The first people to reach the Americas could not have passed through the ice sheet-cleaving inland corridor long thought to be the entry point of humans to the continents, according to a study published Wednesday.
More likely, the New World pioneers of our species -- probably some 15,000 years ago -- inched along a Pacific coastline free enough of ice to support life-sustaining flora and fauna.
The exact route and timing of this maiden migration remains conjecture, the researchers said.
But what is certain, according to findings reported in the journal Nature, is that the textbook version of that passage is wrong.
For decades, scientists favoured a scenario something like this.
About 14,500 years ago, a 1,500-kilometre (900-mile) north-south corridor opened up between the Cordilleran ice sheet -- which covered roughly what is today the Canadian province of British Colombia -- and the much larger Laurentide ice sheet, which smothered the rest of Canada.
The Ice Age was slowly giving way, but still held the region in its grip and -- draining the oceans by dozens of metres -- forged a land-bridge between Eurasia and Alaska.
So far, so good.
About a thousand years later, according to this theory, the first Ice Age humans moved through this elongated inland gateway to found new cultures to the south.
A new storyline
Among them was the Clovis people, who first show up in the archaeological record more than 13,000 years ago.
This storyline presumes, of course, that these path-breaking early people found sustenance along the way.
And that's where the theory falls apart, according to Mikkel Pedersen, a researcher at the Centre for GeoGenetics at the University of Copenhagen, and lead author of the study.
"The earliest point at which the corridor opens for human migration is 12,600 years ago," he told AFP.
While the passage may have been free, "there was absolutely nothing before this date in the surrounding environment -- not plants, not animals."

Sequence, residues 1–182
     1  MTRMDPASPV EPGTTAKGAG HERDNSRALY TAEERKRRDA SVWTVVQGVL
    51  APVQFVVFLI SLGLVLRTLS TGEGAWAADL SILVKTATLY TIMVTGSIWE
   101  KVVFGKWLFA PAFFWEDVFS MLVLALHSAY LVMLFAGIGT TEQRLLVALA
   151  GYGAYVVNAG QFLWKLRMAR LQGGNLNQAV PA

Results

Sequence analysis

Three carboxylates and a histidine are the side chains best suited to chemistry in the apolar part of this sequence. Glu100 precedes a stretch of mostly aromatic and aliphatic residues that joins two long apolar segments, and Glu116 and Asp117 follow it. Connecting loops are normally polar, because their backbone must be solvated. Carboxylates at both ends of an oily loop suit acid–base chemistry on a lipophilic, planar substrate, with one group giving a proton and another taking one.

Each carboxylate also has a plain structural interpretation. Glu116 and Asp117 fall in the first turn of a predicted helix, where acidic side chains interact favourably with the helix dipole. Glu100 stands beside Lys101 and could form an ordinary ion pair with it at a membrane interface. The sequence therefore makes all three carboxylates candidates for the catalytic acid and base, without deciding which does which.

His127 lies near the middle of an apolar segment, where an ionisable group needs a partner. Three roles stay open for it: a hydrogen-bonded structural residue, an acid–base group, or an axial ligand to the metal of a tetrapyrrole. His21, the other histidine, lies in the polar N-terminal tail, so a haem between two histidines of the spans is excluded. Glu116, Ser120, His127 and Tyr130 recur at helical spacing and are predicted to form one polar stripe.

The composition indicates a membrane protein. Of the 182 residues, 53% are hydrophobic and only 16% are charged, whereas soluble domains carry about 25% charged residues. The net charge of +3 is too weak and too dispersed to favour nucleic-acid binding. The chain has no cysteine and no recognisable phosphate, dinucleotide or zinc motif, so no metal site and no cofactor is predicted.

Nothing, in other words, that would have allowed humans to feed themselves during a long, hard slog between towering cliffs of ice.
Other research showing that humans might have arrived in the Americas at least 14,500 years ago -- and perhaps a couple of thousand years before that -- had already begun to undermine the ice sheet corridor hypothesis, forcing experts to look more closely at the possibility of a coastal route.
Pedersen and colleagues now appear to have closed the door on the inland route for good.
The innovative methods they used for reconstructing the late Ice Age ecosystem was crucial.
Rather than hunt for DNA traces of specific plants or animals buried in sediment -- the standard approach -- Pedersen's team used what is called a "shotgun" method, cataloguing every life form in a given sample.
"Traditionally, we have been looking for specific genes from a single or several species," he explained.
"But the shotgun approach really gave us a fantastic insight into all the different trophic" -- or food-chain -- "layers, from bacteria and fungi to higher plants and mammals."
Window onto ancient worlds
The researchers chose to extract sediment cores from what would have been a bottleneck in the inland corridor, an area partly covered today by Charlie Lake in British Columbia.
The team did radiocarbon dating, and gathered samples while standing on the frozen lake's surface in winter.
Up to 12,600 years ago, the environment was almost entirely bereft of life, they found.
But the ecosystem evolved quickly, giving way within a couple of hundred years to a landscape of grass and sagebrush, soon populated by bison, woolly mammoth, jackrabbits and voles.
Fast-forward a thousand years, and it had transitioned again, this time into a "parkland ecosystem" dense with trees, moose, elk and bald-headed eagles.
The findings open "a window onto ancient worlds" and are a cornerstone in a "major reevaluation" of how humans arrived in America, said Suzanne McGowan of the University of Nottingham, commenting in Nature.
They also make the coastal passage scenario much more likely, she added.
Other scholars agree.
"If there ever was an ice-free corridor during the Last Glacial Maximum," James Dixon of the University of New Mexico wrote in a recent study, "it was not in the interior regions of northern North America, but along the Northwest Coast."
A "biologically viable" passage stretched along that coast from the Bering Land Bridge to regions south of the glaciers starting about 16,000 years ago, he reported in the journal Quaternary International.